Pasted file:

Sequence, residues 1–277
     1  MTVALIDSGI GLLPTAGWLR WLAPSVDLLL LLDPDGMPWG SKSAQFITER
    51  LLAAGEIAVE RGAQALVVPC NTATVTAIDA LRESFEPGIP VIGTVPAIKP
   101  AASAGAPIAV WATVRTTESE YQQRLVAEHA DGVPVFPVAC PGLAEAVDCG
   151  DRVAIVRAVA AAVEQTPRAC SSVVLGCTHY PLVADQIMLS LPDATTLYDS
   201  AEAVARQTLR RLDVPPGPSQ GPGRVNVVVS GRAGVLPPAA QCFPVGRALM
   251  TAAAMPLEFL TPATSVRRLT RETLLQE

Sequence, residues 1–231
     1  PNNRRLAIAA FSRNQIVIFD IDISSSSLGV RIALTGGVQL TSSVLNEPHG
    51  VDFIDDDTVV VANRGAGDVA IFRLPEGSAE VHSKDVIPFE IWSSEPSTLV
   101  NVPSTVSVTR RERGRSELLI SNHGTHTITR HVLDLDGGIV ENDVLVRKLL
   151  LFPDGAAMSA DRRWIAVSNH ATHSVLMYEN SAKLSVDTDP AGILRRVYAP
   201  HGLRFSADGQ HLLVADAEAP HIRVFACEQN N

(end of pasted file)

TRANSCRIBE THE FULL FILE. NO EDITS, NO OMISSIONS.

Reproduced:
Sequence, residues 1–277
     1  MTVALIDSGI GLLPTAGWLR WLAPSVDLLL LLDPDGMPWG SKSAQFITER
    51  LLAAGEIAVE RGAQALVVPC NTATVTAIDA LRESFEPGIP VIGTVPAIKP
   101  AASAGAPIAV WATVRTTESE YQQRLVAEHA DGVPVFPVAC PGLAEAVDCG
   151  DRVAIVRAVA AAVEQTPRAC SSVVLGCTHY PLVADQIMLS LPDATTLYDS
   201  AEAVARQTLR RLDVPPGPSQ GPGRVNVVVS GRAGVLPPAA QCFPVGRALM
   251  TAAAMPLEFL TPATSVRRLT RETLLQE

Sequence, residues 1–231
     1  PNNRRLAIAA FSRNQIVIFD IDISSSSLGV RIALTGGVQL TSSVLNEPHG
    51  VDFIDDDTVV VANRGAGDVA IFRLPEGSAE VHSKDVIPFE IWSSEPSTLV
   101  NVPSTVSVTR RERGRSELLI SNHGTHTITR HVLDLDGGIV ENDVLVRKLL
   151  LFPDGAAMSA DRRWIAVSNH ATHSVLMYEN SAKLSVDTDP AGILRRVYAP
   201  HGLRFSADGQ HLLVADAEAP HIRVFACEQN N